Shocking figures have revealed that Australian retail sales came out of the pandemic “better off than if it had never happened”, with a 1.2 percent gain in total turnover for the March 2022 quarter.
But economic experts have warned that inflation could “put the brakes” on overall spending in the second half of this year as retailers face a shift to value purchases, margin squeezes, and rising business costs.
According to the latest retail forecast report from Deloitte Access Economics, retail spending is roughly 6.2 percent ahead of its pre-Covid trends – the spending expected if “Covid disruptions had not occurred”.
The report found this was boosted by the 1.2 percent gain in total turnover and retail spending surging at the end of 2021.
Camera IconRetail spending surged at the end of 2021, followed by a further 1.2 percent gain at the end of the March 2022 quarter. NCA NewsWire/Bianca De Marchi Credit: News Corp Australia
Further sales growth is expected for clothing, restaurants, and department stores to drive another 5.5 percent growth.
Deloitte Access Economics partner David Rumbens said the growth outlook was “positive,” but inflation was now a “cold hard reality” for many retailers and households.
“The price pinch is near unavoidable, with CPI price growth for non-discretionary goods and services up 6.6 percent, more than double that of discretionary, which was up 2.7 percent,” he said.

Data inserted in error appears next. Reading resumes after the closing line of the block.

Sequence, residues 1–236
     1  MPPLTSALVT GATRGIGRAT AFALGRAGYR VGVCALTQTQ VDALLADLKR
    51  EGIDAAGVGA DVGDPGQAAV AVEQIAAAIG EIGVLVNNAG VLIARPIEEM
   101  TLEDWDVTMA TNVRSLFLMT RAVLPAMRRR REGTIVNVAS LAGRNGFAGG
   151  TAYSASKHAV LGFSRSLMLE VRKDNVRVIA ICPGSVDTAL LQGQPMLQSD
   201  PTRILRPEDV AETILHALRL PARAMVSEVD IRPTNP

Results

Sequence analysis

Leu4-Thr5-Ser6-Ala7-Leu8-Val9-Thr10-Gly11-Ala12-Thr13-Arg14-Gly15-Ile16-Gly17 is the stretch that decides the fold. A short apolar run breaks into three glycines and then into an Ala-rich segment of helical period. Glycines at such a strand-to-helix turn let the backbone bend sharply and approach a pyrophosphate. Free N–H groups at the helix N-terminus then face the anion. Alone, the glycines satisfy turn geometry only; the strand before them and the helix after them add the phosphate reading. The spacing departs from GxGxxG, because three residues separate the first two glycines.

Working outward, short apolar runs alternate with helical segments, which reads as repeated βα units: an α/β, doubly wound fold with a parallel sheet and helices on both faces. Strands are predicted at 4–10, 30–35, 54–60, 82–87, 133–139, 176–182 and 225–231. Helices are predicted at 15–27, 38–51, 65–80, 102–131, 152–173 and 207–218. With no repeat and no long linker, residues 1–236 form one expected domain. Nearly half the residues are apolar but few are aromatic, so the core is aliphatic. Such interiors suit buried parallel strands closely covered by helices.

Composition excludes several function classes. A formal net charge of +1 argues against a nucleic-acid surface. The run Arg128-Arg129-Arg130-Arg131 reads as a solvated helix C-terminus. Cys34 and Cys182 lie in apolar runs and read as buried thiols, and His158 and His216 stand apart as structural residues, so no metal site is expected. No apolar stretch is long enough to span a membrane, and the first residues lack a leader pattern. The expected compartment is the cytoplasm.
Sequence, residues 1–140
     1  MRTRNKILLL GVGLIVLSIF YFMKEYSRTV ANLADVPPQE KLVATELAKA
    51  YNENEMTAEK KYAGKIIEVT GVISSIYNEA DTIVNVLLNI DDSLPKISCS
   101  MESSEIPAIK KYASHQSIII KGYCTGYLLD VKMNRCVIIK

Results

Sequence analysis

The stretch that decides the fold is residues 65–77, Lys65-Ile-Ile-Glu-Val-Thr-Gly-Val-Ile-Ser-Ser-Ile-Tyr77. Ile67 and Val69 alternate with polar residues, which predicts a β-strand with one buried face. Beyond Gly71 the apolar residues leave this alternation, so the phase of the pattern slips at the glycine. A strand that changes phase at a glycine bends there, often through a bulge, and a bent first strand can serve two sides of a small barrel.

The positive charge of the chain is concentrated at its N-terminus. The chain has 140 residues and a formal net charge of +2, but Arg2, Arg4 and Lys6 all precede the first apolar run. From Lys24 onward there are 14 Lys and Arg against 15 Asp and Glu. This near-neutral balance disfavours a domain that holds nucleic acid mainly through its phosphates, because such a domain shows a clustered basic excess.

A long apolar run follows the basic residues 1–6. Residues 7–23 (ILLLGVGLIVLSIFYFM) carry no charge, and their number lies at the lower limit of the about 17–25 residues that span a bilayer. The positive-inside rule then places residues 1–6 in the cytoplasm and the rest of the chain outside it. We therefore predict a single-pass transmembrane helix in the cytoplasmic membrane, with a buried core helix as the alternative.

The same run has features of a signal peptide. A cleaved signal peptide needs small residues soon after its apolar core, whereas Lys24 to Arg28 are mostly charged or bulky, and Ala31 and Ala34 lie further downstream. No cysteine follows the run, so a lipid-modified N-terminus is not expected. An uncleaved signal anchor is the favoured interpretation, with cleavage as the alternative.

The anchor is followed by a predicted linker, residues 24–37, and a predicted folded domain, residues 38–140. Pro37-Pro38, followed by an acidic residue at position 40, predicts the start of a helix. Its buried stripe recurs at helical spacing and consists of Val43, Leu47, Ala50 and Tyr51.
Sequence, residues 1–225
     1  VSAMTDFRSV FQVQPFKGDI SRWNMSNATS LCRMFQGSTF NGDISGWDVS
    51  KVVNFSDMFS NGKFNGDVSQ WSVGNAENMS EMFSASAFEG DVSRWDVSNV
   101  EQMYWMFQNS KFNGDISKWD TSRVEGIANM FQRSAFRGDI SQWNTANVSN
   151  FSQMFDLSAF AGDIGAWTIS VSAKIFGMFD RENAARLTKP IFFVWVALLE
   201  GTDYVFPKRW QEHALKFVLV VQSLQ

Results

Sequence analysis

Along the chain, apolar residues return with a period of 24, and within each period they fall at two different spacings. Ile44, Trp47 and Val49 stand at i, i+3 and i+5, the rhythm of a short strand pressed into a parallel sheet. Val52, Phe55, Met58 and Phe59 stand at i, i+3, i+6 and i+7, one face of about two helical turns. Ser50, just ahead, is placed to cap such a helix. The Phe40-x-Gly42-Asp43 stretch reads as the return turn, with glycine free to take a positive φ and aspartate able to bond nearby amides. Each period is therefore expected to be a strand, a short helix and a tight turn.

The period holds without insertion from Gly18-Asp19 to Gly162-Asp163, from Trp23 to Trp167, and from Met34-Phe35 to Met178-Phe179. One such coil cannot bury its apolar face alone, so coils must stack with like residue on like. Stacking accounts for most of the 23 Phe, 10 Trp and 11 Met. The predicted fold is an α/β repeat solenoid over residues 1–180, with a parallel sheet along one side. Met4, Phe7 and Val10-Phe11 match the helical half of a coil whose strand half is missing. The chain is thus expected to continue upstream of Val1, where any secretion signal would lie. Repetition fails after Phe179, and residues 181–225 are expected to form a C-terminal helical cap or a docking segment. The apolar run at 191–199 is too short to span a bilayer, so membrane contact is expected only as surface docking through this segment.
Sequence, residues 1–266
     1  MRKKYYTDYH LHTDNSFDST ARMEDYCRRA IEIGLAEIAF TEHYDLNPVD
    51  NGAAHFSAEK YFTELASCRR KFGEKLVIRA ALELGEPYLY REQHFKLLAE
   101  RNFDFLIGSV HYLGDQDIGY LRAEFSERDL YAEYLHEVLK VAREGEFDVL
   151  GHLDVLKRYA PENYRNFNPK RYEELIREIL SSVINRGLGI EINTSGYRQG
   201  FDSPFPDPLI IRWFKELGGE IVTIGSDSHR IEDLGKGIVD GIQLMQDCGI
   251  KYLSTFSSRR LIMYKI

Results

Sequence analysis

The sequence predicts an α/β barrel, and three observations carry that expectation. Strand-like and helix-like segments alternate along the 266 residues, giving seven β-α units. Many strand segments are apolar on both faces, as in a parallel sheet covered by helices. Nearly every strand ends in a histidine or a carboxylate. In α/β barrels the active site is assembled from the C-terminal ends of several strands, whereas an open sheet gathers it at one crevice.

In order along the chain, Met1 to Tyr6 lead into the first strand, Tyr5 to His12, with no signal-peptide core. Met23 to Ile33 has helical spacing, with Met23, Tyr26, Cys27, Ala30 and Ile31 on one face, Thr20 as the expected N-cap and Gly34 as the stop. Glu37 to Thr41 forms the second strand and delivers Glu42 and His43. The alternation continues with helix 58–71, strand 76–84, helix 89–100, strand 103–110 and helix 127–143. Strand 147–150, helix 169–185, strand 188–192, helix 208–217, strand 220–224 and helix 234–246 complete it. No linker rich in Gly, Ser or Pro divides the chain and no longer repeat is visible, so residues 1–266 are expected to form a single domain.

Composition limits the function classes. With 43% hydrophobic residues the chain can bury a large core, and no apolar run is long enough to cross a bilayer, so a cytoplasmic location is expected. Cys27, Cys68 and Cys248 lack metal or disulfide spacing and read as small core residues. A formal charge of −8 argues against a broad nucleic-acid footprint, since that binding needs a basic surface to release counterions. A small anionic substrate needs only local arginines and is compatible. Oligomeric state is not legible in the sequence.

Mr. Rumbens said households were less likely to reduce their consumption of these non-discretionary goods, such as food and fuel.
He warned this would place “significant pressure” on other spending components.
Retail price growth is forecast to peak at 5.5 percent by December.
Over the same period, food prices are predicted to increase by 7.6 percent.
Camera IconWhile, the growth outlook for retail, is positive, Deloitte has warned inflation could “put the brakes” on overall spending for the rest of the year. NCA NewsWire / Luis Enrique Ascui Credit: News Corp Australia
Mr. Rumbens warned the majority of retail turnover for the rest of the year and into 2023 and 2024 would be driven by prices rather than sales volume.
“Retail sales volume growth may average only 1.1% over 2023 to 2025, compared to 1.9% per annum for retail price growth,” he said.
Camera IconDavid Rumbens from Deloitte Access Economics. Credit: News Corp Australia
Mr. Rumbens said businesses might need to consider lowering costs and avoiding losing competitiveness, such as diversifying and building resilient supply chains.
In their outlook report, Deloitte found the hospitality sector had “fully recovered” as spending on catered food surged close to $12.5 billion in the March quarter.
Spending rose another 8.3 percent, compared to another 18.3 percent increase in December 2021.
Total turnover in department stores was 8 percent higher than pre-Covid levels, but the cost of living constraints meant the sector was “unlikely to see their recent spectacular run continue”.
“The worst may still be yet to come with elevated producer prices still flowing through to retailers and concerns that price growth expectations will become embedded,” the report stated.